US-born Israeli mother feels tortured not knowing her son’s last moments on Oct. 7

Kibbutznik and former New Yorker Julie Bausi is furious at the IDF and government after son Itai died without help at the Nova music festival; she now feels more Israeli than ever

Jessica Steinberg, The Times of Israel's culture and lifestyles editor, covers the Sabra scene from south to north and back to the center

Itai Bausi (right) with his mother Julie Bausi (Courtesy)
Itai Bausi (right) with his mother Julie Bausi (Courtesy)

It was the murder of her son that made Julie Bausi feel fully Israeli.

Bausi had never been to Israel when she immigrated from Queens, New York, nearly 30 years ago in 1996, to Kibbutz Kvutzat Yavne. There she met and married Shachar Bausi, had four kids, taught English and watched three of them draft into the IDF.

But when Itai Bausi, 22, her second child, was killed by Hamas terrorists during the Supernova desert rave on October 7, she felt she joined the club no one wants to be a part of, the club of bereaved families.

“You start to understand Israelis,” Bausi told The Times of Israel. “You start to understand that everybody’s f—ing traumatized.”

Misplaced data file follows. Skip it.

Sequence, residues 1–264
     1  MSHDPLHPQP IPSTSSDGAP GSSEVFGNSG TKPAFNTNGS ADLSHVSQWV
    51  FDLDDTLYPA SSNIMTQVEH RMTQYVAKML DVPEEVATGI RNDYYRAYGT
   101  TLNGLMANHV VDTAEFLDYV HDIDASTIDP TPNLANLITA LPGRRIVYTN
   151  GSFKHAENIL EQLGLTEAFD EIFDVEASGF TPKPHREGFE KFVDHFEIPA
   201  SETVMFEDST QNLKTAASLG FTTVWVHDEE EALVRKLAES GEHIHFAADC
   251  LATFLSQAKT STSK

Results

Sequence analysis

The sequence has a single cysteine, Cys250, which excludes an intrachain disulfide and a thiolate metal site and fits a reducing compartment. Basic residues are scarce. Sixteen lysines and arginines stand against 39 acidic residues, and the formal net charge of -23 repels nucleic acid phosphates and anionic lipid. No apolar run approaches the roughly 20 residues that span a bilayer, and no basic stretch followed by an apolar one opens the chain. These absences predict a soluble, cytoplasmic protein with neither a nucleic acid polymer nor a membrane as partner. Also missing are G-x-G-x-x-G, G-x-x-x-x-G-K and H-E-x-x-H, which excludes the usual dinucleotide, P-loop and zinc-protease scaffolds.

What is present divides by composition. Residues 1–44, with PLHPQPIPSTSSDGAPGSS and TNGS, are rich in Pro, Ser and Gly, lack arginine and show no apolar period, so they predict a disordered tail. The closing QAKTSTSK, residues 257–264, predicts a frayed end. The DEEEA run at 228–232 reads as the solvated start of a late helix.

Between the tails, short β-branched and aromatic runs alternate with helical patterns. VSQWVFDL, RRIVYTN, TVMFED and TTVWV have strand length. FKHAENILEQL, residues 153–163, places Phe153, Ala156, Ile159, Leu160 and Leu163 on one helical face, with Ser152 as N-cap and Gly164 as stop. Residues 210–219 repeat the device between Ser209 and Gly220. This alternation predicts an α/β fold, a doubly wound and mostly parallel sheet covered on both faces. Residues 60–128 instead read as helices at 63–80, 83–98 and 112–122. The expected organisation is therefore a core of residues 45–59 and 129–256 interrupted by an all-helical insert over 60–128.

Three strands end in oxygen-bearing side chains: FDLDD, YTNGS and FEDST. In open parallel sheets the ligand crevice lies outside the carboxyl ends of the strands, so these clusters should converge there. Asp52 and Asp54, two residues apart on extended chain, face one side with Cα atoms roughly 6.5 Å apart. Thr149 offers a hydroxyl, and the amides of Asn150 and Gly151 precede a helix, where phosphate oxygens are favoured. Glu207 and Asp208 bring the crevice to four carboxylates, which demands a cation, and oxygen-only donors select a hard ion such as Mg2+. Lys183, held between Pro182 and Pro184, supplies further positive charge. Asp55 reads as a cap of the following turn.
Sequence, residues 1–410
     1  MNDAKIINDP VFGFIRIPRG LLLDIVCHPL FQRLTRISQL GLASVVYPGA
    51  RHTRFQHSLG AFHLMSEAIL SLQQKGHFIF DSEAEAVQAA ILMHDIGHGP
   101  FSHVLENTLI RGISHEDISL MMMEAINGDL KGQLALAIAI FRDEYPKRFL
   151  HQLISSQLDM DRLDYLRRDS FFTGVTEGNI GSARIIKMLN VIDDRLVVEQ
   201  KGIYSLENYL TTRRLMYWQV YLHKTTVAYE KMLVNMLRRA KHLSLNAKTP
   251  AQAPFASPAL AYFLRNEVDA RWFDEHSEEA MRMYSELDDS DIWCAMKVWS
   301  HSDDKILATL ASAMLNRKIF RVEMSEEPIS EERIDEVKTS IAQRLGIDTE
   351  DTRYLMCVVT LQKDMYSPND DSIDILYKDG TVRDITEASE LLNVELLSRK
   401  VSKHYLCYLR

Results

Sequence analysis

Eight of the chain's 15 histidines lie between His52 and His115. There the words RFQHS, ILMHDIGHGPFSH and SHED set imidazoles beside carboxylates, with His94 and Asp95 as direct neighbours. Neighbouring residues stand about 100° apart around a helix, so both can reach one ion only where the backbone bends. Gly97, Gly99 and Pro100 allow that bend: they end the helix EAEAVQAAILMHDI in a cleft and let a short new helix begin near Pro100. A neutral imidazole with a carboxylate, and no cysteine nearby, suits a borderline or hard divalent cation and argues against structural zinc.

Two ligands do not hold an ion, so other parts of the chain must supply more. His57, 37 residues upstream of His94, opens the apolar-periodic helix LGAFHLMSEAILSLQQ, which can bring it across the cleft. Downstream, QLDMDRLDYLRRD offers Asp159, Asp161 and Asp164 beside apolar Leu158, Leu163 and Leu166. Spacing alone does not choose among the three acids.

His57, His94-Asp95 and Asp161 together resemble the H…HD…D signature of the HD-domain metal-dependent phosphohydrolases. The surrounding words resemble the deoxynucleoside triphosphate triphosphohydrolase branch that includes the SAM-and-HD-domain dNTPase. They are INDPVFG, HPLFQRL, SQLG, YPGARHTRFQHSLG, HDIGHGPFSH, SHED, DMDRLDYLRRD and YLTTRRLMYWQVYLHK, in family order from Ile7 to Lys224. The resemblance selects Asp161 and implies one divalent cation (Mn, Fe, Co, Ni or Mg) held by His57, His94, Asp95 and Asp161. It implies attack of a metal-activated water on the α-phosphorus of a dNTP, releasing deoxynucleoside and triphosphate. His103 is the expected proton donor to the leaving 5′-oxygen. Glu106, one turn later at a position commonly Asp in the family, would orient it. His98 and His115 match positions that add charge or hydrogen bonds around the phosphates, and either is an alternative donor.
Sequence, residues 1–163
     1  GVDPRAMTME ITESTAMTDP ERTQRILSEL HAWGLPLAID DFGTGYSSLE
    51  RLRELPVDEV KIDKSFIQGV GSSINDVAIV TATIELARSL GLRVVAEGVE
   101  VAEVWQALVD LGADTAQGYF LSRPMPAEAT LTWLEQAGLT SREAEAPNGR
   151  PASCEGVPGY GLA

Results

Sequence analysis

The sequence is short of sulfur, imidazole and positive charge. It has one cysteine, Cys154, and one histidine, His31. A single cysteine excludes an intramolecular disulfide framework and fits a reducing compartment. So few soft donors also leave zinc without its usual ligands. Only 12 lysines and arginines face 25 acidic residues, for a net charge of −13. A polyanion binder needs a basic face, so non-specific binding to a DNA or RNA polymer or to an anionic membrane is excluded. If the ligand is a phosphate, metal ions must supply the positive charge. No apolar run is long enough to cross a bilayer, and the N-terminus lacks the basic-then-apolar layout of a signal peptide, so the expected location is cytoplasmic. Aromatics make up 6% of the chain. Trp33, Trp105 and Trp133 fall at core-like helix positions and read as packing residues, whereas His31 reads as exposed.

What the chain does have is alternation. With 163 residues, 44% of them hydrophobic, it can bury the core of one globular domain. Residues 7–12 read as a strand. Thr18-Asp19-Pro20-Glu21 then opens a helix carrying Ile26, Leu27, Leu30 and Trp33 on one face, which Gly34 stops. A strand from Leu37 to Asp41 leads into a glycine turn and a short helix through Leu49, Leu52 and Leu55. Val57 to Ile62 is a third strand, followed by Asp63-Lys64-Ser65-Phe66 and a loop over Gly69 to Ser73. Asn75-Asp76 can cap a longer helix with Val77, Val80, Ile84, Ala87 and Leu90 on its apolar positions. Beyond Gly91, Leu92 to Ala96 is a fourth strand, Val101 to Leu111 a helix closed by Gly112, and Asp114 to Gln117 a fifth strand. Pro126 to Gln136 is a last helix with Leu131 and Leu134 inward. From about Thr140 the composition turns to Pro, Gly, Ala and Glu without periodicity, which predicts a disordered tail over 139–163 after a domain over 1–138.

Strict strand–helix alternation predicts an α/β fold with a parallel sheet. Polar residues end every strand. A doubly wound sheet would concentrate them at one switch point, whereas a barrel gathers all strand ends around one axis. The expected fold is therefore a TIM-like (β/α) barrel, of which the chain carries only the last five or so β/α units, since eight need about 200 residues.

Sgt. First Class Itai Bausi, 22, of the Duvdevan commando unit, was off-duty when he headed to the Nova party with a sandwich and a few apples in his backpack and his friend Ben Mizrachi, a Vancouver-born former IDF medic and adopted son of Kvutzat Yavne.

Bausi had eaten Shabbat dinner with his family, washed the dishes with his brothers, taken a quick nap and was heading out around midnight when his mother was returning from walking the family’s two dachshunds.

He hugged and kissed her goodbye, and that was the last time she held her boy.

Itai Bausi, left, with his three siblings, older sister Noa (far right), and younger brothers Yoav (second from right) and Asaf (Courtesy)